Post
by **therealchips** » Thu Sep 04, 2003 11:27 am

I would be utterly frosted if a post of mine were deleted. Even the possibility is a chilling threat. I post here, beyond the reach of censorship.

Hocus, as I understand it, your argument runs like this:

1. If SWR analysis omits a relevant factor, the analysis is invalid and its conclusions are incorrect.

2. Conventional SWR analysis omits valuation levels.

3. Valuation levels are a relevant factor in SWR analysis.

4. Therefore, conventional SWR analysis is invalid and its conclusions are incorrect.

I have demonstrated in other posts that these factors are also relevant in determining withdrawals:

a. The planner's life expectancy

b. The utility function for money, or the value that the planner assigns to money

If I have stated your argument correctly and it is valid, then so will this one be:

1. If SWR analysis omits a relevant factor, the analysis is invalid and its conclusions are incorrect.

2. Hocus' SWR analysis omits both life expectancy and the personal utility of money.

3. Both life expectancy and personal utility of money are relevant factors in SWR analysis.

4. Therefore, Hocus' SWR analysis is invalid and its conclusions are incorrect.

A formal logical analysis of the first argument, as I gave it and attributed to Hocus, concludes that it is in fact a **valid argument**. Its first premise happens to be false, but that does not make the argument invalid. It only makes the argument's conclusion unsupported, even though premises 2. and 3. happen to be true. The formal logical point is that a falsehood among the premises of a valid argument does not prove the falsehood of that argument's conclusion.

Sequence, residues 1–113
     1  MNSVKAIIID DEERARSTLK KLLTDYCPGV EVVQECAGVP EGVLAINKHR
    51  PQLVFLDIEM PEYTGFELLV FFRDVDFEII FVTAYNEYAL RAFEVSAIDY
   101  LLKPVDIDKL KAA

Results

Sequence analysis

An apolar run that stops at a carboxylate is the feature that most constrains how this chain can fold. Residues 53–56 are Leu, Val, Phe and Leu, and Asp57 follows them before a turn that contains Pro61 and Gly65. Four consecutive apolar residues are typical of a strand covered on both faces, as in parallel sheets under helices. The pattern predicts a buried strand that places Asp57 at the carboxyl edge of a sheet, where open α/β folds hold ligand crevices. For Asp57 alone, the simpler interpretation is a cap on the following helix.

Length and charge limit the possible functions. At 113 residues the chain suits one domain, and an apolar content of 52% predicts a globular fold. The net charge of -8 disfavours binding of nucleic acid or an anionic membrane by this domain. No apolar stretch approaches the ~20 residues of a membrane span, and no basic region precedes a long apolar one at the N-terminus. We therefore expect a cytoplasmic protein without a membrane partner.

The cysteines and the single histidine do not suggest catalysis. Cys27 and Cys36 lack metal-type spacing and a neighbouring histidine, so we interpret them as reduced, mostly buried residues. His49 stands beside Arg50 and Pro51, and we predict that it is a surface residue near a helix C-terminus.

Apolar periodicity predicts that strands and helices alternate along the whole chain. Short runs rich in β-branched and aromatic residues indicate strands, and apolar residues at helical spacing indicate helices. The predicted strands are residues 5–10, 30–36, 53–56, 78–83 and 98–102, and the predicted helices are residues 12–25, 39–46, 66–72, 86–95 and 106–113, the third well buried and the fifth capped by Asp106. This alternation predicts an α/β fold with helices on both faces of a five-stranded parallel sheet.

Valid reasoning from false premises can easily lead to true conclusions. For example:

1. All apes are philosophers.

2. Socrates was an ape.

3. Therefore, Socrates was a philospher.

The argument is valid; the premises are false; the conclusion is true. The falsehood of the premises does not show that the conclusion is false nor that the argument is invalid.

I suggest you (Hocus) have only a few choices:

You can revise the first premise and the conclusion of your argument thus:

1. If SWR analysis omits a relevant factor, the analysis is **incomplete** and its conclusions are **not so well substantiated as we wish**.

4. Therefore, conventional SWR analysis is **incomplete** and its conclusions are **not so well substantiated as we wish**.

Alternatively, you can assert that I have totally misunderstood and misrepresented your position, and perhaps impugn my intellect and motives too, just for sport. Maybe John is better suited to that task.

Another alternative is a response so long-winded and unclear that no one knows what your position is.

Another alternative is to deny or ignore my claim that life expectancy and personal utility functions for money are relevant to SWR analysis. That might make for an interesting discussion.

Another alternative is to include those two factors in Hocus' SWR analysis. That would certainly make for interesting discussions.

Other alternatives for Hocus escape me at the moment.

Yours for brevity, clarity and respect for logic,

He who has lived obscurely and quietly has lived well. [Latin: Bene qui latuit, bene vixit.]

Chips